22 FEBRUARY 1930, Page 36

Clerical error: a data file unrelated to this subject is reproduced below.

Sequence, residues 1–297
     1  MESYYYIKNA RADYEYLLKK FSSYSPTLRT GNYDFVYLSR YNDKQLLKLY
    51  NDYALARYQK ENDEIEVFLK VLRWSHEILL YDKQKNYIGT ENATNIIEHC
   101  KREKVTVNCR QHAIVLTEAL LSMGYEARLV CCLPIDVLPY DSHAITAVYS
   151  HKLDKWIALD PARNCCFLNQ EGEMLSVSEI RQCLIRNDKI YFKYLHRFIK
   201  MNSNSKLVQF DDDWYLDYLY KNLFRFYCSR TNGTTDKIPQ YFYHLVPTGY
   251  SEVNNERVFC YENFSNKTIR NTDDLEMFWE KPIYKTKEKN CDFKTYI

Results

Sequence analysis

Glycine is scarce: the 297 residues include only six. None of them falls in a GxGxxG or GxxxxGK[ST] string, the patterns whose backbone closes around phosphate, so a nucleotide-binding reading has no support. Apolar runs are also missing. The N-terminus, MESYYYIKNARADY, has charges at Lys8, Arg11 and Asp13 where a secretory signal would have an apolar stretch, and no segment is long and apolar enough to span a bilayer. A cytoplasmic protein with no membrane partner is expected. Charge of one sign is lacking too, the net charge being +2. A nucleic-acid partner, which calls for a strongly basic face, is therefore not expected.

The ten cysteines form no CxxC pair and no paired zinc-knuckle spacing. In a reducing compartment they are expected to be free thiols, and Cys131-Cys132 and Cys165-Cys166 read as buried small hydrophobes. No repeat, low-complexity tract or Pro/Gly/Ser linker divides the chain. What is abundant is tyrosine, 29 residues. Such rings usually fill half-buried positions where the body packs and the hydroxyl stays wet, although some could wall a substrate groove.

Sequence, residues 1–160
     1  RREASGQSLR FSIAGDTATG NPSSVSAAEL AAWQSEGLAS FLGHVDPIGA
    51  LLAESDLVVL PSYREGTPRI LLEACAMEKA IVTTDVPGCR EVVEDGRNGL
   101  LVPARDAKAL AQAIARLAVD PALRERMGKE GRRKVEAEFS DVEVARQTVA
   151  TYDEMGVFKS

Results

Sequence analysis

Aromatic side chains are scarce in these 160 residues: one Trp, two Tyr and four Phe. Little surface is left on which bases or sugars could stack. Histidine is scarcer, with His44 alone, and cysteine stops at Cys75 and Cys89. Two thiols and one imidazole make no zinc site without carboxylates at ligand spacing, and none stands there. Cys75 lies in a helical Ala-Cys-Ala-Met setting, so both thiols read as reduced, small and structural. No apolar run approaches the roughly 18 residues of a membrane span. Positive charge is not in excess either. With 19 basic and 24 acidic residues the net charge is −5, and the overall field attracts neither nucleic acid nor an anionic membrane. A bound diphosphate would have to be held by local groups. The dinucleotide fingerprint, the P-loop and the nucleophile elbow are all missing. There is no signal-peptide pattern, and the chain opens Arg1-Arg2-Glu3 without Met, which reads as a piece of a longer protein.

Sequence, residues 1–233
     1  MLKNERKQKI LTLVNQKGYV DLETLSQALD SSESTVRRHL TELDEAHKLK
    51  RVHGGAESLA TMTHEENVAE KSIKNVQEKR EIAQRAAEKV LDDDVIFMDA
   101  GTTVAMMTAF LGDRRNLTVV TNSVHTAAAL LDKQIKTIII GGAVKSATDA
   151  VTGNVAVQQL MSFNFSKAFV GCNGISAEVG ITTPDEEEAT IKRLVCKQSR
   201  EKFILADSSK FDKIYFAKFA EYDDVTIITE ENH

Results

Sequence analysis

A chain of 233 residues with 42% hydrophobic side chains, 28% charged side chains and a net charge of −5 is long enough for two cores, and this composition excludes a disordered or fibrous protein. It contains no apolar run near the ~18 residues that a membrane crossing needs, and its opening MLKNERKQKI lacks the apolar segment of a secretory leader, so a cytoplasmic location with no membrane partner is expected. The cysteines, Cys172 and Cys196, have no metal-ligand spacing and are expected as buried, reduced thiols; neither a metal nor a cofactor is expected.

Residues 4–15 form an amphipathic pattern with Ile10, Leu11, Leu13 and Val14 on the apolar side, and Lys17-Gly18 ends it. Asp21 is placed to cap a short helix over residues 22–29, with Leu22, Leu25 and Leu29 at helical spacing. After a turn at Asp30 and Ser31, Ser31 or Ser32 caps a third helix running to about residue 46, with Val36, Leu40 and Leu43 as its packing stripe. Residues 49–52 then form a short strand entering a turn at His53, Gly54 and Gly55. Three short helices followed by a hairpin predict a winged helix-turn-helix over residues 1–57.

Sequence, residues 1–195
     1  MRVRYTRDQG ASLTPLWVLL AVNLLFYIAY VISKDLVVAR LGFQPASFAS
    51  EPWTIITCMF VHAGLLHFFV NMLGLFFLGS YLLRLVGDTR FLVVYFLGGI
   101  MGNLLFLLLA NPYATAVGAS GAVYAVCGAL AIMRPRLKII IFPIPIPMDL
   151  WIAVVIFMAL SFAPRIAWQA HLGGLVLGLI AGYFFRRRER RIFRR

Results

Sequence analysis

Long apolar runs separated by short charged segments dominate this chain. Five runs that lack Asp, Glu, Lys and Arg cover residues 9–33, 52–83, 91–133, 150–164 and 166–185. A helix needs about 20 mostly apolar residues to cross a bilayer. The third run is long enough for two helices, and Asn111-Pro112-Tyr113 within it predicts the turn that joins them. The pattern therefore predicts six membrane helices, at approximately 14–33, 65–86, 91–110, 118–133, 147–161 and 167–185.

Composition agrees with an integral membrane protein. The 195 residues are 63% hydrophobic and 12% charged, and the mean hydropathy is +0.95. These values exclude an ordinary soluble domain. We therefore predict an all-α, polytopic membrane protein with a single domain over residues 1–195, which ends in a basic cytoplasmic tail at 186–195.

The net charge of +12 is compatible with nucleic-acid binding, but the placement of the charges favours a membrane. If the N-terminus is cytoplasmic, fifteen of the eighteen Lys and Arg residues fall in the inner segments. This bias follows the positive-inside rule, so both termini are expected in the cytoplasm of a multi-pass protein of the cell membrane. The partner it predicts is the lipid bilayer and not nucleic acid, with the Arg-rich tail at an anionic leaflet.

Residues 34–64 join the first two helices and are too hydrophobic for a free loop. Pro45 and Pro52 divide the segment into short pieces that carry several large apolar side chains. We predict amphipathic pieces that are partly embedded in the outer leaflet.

Amidst these depressing conditions apprehensions with regard to the forthcoming Budget are not unnaturally accentuated. The Chancellor of the Exchequer has deemed it well on more than one occasion in the last few Weeks to utter warnings with regard to the position, and has thrown out dark hints not only of the poor prospect of any relief from existing taxation, but of the shortage of revenue which may have to be made up by fresh imposts. Naturally enough, the mere prospect of such an increase is regarded as lessening the prospects of a trade revival, while Sir Josiah Stamp has shown very clearly how any further rise in the price of coal, as the result of the provisions of the Coal Bill, must act injuriously upon industry and upon the railway industry in particular. For some time past too there have been plain indications that anxiety with regard to the situation here, supplemented by the fact that many dollar securities in the United States are standing at attractive levels, is stimulating the drift of capital to the United States, the effect pf which has been reflected in unfavourable movements in the American exchange.